The Home Secretary Theresa May is currently under scrutiny after it was discovered that she allegedly wrongly deported almost 50,000 international students. This came after one school, out of hundreds, was found guilty for an English test cheating scam and as a result, it was used to incriminate all who sat the test.
After a BBC Panorama documentary in February 2014, it was stated that the Home Office was to blame for incorrectly deporting 48,000. Covered in The Hindu news publication, the documentary claimed to have revealed fraudulent activity at an East London school involving overseas students that sat the ‘Test of English’ for International Communication (TOEIC). Not long after it aired, Immigration Minister James Brokenshire made an official statement to Parliament in June 2014. He said that an investigation post-Panorama found evidence of 46,000 ‘invalid and questionable’ tests.
After that investigation, Theresa May decided to revoke the sponsorship licences of around 60 educational institutions and detain and also, remove thousands of international students who’d previously achieved the TOEIC certificate in the past. The true extent of this has now come to light shortly after the actual figure was announced in the Upper Tribunal (Asylum and Immigration). It was ruled that the Home Secretary’s evidence suffered from ‘multiple frailties and shortcomings.’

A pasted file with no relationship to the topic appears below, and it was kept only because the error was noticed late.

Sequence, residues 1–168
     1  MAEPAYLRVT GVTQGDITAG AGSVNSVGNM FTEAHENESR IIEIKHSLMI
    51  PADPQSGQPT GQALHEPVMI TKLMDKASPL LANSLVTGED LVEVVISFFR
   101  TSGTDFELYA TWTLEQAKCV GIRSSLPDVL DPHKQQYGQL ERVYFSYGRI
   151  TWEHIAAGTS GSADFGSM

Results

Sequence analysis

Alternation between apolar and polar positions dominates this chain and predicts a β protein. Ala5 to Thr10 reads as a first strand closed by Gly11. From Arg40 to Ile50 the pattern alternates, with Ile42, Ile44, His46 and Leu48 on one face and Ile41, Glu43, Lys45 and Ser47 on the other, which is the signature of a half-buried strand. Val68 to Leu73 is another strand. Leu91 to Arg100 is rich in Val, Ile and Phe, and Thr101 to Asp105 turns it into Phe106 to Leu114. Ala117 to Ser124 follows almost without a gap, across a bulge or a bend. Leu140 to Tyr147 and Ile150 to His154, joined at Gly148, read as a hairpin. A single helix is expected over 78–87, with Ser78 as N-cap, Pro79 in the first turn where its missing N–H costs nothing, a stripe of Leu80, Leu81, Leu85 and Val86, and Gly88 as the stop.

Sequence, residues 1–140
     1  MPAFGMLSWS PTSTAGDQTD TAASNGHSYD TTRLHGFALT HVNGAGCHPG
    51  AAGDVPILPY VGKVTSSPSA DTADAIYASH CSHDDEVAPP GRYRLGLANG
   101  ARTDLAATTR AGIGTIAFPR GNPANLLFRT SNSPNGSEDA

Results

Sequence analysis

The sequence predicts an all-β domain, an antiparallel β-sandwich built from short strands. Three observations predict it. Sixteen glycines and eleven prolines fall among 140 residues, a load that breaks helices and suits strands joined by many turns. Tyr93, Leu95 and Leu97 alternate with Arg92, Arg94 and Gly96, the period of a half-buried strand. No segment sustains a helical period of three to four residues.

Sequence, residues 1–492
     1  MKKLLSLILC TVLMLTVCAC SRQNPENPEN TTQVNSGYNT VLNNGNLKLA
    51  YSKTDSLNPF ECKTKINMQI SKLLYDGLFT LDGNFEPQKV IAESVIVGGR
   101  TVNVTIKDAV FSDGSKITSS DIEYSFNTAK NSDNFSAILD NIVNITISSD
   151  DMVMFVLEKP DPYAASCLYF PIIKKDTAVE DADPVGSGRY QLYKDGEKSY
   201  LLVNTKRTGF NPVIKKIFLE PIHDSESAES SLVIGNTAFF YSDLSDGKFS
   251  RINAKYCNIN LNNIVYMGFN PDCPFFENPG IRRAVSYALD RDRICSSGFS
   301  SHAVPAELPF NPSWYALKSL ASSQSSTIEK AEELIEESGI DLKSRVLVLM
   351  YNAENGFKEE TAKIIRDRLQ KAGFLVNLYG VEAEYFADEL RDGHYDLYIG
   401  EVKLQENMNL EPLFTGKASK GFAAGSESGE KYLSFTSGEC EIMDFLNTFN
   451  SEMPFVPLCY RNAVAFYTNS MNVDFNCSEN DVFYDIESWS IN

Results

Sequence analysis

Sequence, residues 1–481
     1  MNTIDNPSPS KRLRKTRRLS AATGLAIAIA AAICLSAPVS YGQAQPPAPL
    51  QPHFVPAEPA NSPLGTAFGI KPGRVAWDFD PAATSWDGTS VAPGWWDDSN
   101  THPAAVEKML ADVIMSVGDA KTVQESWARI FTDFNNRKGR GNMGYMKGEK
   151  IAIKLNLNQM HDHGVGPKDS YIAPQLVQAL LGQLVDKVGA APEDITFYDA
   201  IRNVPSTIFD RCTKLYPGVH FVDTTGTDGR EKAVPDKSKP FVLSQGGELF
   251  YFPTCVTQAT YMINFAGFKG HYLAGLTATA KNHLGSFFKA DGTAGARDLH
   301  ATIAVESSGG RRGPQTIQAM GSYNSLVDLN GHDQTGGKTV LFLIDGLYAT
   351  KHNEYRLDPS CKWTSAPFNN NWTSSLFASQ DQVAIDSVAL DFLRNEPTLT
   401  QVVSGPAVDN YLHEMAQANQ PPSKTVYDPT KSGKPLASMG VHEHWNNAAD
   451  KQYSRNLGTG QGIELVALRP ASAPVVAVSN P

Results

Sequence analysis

At the tribunal’s judgement, President McCloskey said: ‘The evidence adduced on behalf of the Secretary of State emerged paled and heavily weakened by the examination to which it was subjected.’
It was also uncovered during the Tribunal that there was no evidence given from any English Testing Service (ETS) witness. The president of US company that run the tests – who were contracted by the Home Office – said ‘almost remarkably, ETS provided no evidence, directly or indirectly, to this tribunal.’ He summed up the discovery by saying ‘The legal burden of proof falling on the Secretary of State has not been discharged. The Appellants are clear winners.’
This breakthrough immigration ruling could now see thousands of the deported students return to the UK, seek advice from immigration solicitors and claim compensation for the wrong doing and effect its had. In light of this news, a spokesperson from the Home Office said: ‘The Government continues to tackle abuse of our immigration system and protect the reputation of our world class education institutions.
‘The investigation into the abuse of English language testing in 2014 revealed extremely serious, large scale, organized fraud. We are very disappointed by the decision and are awaiting a copy of the full determination to consider next steps including an appeal.’
Veronica Pembleton is a freelance writer and research journalist, who specializes in a number of core areas, including travel, tourism and current events. An avid explorer, Veronica now resides in the UK after making the move from her beloved America. She now offers other travelers advice on their journeys and aims to bring insightful information to those who dream of discovering new places.